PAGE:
I’m offended that you are offended!
Two train wrecks have collided around free speech in medical politics right now.
The first has to do with the politically correct/social justice warrior/virtue signalling/identity politics movement.
Proclaiming personal offence has replaced sticking out one’s tongue in the schoolyard of adult conversation. Signalling solidarity with every oppressed group is the new morality.
Thou shalt show empathy.
Thou shalt not ask rational questions such as, “Why can’t you afford meds, but you upgrade your iPhone every 6 months?”
Brace yourself. People will take offence. Listeners will join a mob to signal their own virtue at your malfeasance.
There is only one accepted view. Questions are out. Debate is unwelcome.
The second train wreck has to do with the Summer of 2016. It was a dark and nasty time for doctors in Ontario.
Pushed to the point of despair by government and pressured to accept a terrible tentative contract, doctors acted out.
Some docs used a private Facebook page as a virtual locker room. Conversations got ugly. Someone took screen shots and gave them to an anti-doctor news outlet.
Locker rooms never look good in print.
So we sail between two threats. On one side, free speech is under attack from political correctness. On the other, some doctors bully and use potty talk.
Courageously, the OMA has accepted the quest to sail between Scylla and Charybdis.
Can we promote professionalism without pandering to activists?
Can we support debate without promoting bullying and potty talk?
Naturally, many doctors worry that a Code of Conduct might succumb to the zeitgeist to curtail free speech. They have a point. Their ideas fall into 3 themes:
Doctors Value Free Speech
Most people support parliamentary language in debate. Many people sound like sailors in private. We need to clarify appropriate and inappropriate content in heated exchanges.
A Code should be explicit and might provide examples of acceptable, vigorous debate. Debate often includes calling ideas “stupid” and people “ignorant” (or worse).
Doctor A: “I think we should raise taxes above 50%.”
Doctor B: “That’s stupid. Don’t you know anything about the Laffer curve?”
Doctor A: “Pedantic, ivory tower wonks are naive. Academic dilletantes haven’t seen pain and suffering up close!”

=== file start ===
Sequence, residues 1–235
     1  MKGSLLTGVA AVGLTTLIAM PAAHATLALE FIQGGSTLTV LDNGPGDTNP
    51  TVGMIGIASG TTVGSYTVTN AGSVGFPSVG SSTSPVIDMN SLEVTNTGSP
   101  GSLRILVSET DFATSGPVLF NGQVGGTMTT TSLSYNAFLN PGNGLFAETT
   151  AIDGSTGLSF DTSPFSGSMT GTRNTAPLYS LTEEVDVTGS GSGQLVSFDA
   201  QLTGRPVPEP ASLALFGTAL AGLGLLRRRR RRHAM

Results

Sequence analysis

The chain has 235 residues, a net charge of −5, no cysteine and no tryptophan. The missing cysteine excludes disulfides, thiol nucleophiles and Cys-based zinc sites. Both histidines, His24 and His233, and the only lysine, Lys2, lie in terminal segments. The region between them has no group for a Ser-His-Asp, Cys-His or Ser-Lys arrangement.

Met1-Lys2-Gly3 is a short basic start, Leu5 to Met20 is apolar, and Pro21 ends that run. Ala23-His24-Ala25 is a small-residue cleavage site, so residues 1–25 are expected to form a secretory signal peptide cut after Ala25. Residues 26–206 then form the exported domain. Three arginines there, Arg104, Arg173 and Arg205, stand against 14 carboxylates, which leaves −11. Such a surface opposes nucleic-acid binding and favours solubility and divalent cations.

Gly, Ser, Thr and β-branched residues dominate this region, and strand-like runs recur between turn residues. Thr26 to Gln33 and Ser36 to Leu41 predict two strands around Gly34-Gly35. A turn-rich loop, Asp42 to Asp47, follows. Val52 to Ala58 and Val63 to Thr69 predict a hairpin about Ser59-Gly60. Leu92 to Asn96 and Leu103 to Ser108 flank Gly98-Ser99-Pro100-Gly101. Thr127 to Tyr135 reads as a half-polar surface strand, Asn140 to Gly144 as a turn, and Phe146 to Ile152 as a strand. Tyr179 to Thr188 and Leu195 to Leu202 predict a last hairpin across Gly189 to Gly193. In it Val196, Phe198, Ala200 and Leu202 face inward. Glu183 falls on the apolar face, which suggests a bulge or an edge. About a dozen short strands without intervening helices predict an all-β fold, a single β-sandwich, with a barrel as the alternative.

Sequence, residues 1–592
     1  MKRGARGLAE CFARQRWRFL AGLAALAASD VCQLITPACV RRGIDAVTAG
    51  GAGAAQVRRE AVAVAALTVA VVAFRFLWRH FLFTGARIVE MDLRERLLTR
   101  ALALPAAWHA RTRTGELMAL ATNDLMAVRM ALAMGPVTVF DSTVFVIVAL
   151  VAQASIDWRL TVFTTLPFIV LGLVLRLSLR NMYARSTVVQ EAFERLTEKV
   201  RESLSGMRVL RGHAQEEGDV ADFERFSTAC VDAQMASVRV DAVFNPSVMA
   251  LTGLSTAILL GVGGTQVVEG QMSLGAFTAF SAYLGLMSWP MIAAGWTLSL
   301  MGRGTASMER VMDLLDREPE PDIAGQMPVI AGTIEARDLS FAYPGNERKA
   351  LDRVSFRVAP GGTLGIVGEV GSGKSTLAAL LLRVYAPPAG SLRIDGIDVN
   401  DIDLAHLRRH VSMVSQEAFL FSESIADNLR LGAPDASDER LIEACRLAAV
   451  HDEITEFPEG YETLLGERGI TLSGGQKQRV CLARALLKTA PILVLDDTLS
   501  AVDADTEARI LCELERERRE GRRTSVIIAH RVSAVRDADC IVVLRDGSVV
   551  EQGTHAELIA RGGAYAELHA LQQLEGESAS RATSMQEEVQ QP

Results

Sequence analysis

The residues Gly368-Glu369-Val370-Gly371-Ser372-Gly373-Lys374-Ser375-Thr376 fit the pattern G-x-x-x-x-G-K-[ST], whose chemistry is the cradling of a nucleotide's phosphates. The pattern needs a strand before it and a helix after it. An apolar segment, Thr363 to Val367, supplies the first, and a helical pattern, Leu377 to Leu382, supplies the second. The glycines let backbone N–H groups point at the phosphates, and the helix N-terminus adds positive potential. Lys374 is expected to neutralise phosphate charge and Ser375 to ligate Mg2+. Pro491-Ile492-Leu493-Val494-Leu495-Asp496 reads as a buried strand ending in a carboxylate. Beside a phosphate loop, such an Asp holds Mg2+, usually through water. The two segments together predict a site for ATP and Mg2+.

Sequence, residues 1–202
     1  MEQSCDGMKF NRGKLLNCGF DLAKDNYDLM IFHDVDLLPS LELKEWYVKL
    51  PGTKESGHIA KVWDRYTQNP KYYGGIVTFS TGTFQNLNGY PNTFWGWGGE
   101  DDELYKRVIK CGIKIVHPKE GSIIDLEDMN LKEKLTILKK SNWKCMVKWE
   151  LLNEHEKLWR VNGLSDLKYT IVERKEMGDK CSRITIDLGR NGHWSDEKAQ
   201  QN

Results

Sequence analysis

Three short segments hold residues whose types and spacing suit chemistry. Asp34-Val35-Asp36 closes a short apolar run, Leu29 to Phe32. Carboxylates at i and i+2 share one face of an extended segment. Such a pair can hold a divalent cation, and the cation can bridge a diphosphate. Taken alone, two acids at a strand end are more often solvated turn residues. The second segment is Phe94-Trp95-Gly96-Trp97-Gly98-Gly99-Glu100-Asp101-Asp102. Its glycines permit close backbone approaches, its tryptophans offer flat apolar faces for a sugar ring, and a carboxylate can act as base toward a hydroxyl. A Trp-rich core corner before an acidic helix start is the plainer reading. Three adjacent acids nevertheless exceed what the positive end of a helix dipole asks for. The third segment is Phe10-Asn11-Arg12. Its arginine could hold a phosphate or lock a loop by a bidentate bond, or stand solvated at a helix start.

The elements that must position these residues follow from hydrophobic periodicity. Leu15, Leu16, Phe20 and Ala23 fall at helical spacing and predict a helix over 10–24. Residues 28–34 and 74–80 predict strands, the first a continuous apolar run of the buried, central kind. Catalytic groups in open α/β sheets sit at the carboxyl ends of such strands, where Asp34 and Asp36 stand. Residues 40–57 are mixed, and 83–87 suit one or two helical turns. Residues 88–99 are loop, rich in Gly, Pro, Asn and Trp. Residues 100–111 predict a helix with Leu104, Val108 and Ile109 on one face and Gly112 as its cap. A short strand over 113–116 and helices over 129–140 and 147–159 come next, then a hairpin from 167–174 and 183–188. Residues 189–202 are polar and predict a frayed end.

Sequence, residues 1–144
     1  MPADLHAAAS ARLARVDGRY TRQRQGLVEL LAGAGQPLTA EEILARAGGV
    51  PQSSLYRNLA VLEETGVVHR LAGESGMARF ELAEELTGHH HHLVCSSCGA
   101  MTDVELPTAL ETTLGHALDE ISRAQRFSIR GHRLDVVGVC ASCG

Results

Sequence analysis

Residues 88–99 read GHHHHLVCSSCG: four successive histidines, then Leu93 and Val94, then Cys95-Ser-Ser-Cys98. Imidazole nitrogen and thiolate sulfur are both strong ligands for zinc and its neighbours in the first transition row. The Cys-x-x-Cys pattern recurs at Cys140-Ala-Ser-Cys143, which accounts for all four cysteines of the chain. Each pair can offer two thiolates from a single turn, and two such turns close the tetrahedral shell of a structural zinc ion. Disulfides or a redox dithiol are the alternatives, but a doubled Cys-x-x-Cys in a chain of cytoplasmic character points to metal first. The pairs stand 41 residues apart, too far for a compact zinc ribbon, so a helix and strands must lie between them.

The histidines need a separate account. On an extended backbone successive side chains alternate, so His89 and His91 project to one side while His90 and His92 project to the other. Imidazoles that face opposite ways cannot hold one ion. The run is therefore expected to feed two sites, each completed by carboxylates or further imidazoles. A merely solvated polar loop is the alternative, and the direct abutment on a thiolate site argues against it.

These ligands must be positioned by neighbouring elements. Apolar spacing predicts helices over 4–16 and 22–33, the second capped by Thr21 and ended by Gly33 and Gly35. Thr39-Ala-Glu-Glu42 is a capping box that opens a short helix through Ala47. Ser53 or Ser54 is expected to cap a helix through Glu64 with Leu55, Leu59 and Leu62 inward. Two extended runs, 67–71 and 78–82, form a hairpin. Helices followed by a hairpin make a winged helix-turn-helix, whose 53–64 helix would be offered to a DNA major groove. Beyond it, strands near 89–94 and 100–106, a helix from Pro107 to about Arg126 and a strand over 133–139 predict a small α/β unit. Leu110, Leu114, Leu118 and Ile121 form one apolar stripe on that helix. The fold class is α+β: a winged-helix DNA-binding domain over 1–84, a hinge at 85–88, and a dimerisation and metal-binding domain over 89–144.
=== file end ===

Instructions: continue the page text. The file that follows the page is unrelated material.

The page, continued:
Doctor B: “Who says it will stop the suffering? Ignorant people like you make stupid proposals that harm those they’re trying to help.”
To be clear, this is not a gold standard for debate. People can get excited and reckless. We should be okay with pointed conversation. (Of course, Canada limits free speech as described here.)
Medicine is Often Politically Incorrect
Doctors make a living asking socially inappropriate questions. We could never ask in public what we raise at the bedside.
We try to help solve social issues using reason and evidence. It means tackling facts that would ignite a symphony of virtue signalling at a dinner party.
Virtue signalling is just moral bragging. It does not solve clinical problems. And it’s impolite.
Any Code runs the risk of empowering those who take offence at everything they disagree with. This will not help solve the most difficult social issues in clinical care.
Doctors Value Reason
Medicine rests on modernism: Truth is absolute, dosage matters and investigation guides treatment.
Society rests on post-modernism: Oprah says, “Speak your own truth”; observation is subjective and investigation only reveals your biases.
In post-modernism, emotion trumps reason and evidence.
Being offended is not the same as having a valid argument. Being offended means you lost control of your emotions. It does not mean that you raised a valid point.
Being offended is not a good enough reason to attack someone who triggered you. Kids learn that in Kindergarten.
Activists join mobs and swarm those who say things they find offensive.
- They appeal to authority to punish the offender(s).
- They do not stop when offered apology; they use apology as evidence of guilt and press their attack.
- They do not stop until they can parade a crushed offender through the social media streets.
- They make examples of people they find offensive and ruin careers.
A Code should have zero tolerance for shouting mobs that block rational debate. Life is full of uncomfortable ideas. Mature adults learn to discuss them.
A Code might empower those prone to take offence at everything they dislike as a strategy to get their way. Lack of a Code might empower those prone to bullying and unprofessional behaviour.
A good Code would speak to the motivation behind our behaviour. It would touch on things deeper than potty talk or poor taste. It would aim to capture the true, the good and the beautiful. Is this possible in our fractured world?
The team leading the charge, at the OMA, to create a “Code” is wise and cautious.
They have not rushed.
They have listened, revised, and then listened some more.
Dozens of members have offered feedback.
Given all the time and energy put into this process, I am confident they will arrive at something solid and good and will not stop until they create something that doctors support.
We need passionate people. We need free speech and emotional resilience. And we need to show a better way, refusing to be guided by nonsense.
BONUS – Check out this 2:44 minute video. I hope it makes you smile and not take offence!